What drove the shift toward urban living?

In Canada’s cities, prices in the older urban areas as well as the suburbs generally stagnated for over a decade between the early 1990s and early 2000s.  Not coincidentally, during this time an abundance of new housing opened in suburbs like Milton and Markham (Toronto area) as well as Coquitlam and Surrey (Vancouver area).  Calgary annexed more land, and suburban style homes proliferated. Metro area residents did not seem to show much of a preference for urban vs suburban living.

Starting in around 2002 prices everywhere began to rise, but over time the urbanized areas experienced more rapid increases.  I know of homes in walkable East Vancouver communities that tripled in value over just 6-7 years.

From talking to friends and realtors, it seems that today, the housing market is hot in walkable urban areas, and a softer in the suburbs.  Evidence of continued strong demand for urban living.

As pointed out by the Economist this week in a cleaver parable about Gotham vs Pleasantville, rising house prices rising faster in in urban areas vs the suburbs are a clear indicator of accelerating demand for these urban homes.   Many urban areas have limited or no room to increase supply, so if demand rises so do prices as those with the most money are able to secure the most walkable, transit oriented homes.

So what changed in or around 2002?

What has led an increasing number of home buyers to have a preference for urban living?

Here’s my partial list.  Please add to it!

  • Maturation of the knowledge economy, reliant on the internet, that has benefited from a very urban workforce constantly looking for inspiration
  • De-industrialization in many metro areas as manufacturing declined either outright or as a percentage of employment (while service and knowledge jobs grew)
  • Generations X and Y started to make their ideas and culture felt in cities, as they embraced an experience economy over a consumer goods and large-home-and-car based one.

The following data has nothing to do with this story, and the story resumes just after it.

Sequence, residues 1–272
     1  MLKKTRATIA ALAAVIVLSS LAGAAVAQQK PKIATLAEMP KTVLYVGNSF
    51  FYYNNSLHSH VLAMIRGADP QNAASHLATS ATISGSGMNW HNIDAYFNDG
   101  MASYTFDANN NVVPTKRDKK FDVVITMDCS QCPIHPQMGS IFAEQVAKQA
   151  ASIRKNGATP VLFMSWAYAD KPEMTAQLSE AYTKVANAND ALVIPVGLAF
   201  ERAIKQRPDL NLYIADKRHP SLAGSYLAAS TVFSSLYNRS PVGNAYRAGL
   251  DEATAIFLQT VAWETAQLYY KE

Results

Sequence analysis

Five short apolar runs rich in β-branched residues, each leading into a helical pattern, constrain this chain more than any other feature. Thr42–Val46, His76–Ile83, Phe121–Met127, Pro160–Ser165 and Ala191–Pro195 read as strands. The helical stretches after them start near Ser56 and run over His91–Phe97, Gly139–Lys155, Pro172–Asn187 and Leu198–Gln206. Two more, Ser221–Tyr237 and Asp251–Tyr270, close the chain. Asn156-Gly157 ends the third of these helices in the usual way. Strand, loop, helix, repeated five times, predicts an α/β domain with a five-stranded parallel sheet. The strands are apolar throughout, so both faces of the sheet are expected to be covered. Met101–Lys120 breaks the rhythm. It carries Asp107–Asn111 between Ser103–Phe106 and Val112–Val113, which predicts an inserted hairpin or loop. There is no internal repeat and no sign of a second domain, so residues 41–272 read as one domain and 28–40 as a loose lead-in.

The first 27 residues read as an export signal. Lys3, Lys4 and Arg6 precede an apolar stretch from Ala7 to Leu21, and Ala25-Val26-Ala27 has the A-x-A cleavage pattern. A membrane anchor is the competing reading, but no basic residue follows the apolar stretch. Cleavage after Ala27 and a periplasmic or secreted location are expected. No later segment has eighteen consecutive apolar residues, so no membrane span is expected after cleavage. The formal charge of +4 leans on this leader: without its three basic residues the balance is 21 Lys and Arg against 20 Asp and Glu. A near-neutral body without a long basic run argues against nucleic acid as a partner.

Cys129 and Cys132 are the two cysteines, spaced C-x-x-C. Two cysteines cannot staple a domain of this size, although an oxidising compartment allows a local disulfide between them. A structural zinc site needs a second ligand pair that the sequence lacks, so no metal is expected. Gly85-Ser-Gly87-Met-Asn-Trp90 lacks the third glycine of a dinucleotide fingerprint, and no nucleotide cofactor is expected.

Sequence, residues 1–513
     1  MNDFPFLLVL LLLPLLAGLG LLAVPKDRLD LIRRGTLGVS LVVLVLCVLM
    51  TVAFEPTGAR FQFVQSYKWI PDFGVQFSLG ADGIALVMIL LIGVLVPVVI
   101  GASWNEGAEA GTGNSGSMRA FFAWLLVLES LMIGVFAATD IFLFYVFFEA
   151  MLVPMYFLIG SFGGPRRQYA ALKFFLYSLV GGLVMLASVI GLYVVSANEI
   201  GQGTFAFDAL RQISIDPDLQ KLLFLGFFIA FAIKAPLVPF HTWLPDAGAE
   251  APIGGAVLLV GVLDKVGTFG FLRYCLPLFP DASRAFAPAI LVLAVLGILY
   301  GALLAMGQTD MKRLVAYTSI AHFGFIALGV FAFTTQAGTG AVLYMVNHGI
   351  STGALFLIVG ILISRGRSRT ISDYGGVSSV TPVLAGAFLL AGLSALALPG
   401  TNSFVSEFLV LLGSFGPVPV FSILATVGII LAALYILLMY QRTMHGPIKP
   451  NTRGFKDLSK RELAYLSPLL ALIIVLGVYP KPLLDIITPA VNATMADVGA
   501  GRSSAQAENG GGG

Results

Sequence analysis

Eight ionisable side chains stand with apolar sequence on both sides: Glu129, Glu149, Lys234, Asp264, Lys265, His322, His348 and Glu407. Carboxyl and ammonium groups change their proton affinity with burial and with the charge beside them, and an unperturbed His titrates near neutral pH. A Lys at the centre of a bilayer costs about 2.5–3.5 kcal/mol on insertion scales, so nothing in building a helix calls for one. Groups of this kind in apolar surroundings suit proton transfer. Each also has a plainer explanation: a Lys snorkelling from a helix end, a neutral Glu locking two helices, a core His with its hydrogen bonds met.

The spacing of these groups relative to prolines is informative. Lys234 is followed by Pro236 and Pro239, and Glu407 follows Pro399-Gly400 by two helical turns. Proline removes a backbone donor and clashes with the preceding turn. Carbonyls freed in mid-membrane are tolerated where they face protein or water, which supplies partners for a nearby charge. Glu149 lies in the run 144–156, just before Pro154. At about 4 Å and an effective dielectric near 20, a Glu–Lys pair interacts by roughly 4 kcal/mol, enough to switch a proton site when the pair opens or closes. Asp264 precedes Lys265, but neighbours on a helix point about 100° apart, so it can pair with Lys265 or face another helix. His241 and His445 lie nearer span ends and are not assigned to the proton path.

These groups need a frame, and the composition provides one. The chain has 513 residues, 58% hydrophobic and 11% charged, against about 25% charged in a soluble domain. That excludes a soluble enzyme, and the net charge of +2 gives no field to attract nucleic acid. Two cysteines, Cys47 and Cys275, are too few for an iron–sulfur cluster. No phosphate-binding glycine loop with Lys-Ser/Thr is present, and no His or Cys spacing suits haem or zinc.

• Women’s higher rate of degree attainment resulted in career women selecting short commutes and urban living (with the trade offs) over suburban homes
  • The fertility rate edged up slightly, likely as younger boomer and older gen x women who had postponed children had 1 or 2, but didn’t give up urban living or urban careers and wanted short commutes.
  • Millennials defining freedom as their “first iPhone” rather than first car, and driving less.
  • More recently in 2008 and now in 2011, high gas prices are encouraging more people rethink auto-motive lifestyles

Agree? Disagree? What else has changed?

7 comments

  1. Definitely agree, especially re being attracted to urban life, mobile lifestyle / workstyle, more green living, access to sidewalks and public parks, diversity et cetera.

    Suburbs are really just huge parking lots with some trees, streets and houses. The only way to move around is via gas guzzlers.

  2. Jeff says:

    Agree. I also think that many cities were slowly abandoned in favor of suburban living for a period of one or two decades. This caused the urban areas to decline in price and aesthetic to the point where developers moved in and snatched up properties at low prices and put money into them. The new urban areas were modernized and became attractive and efficient again drawing in the perfect new residents – Gen X and Y.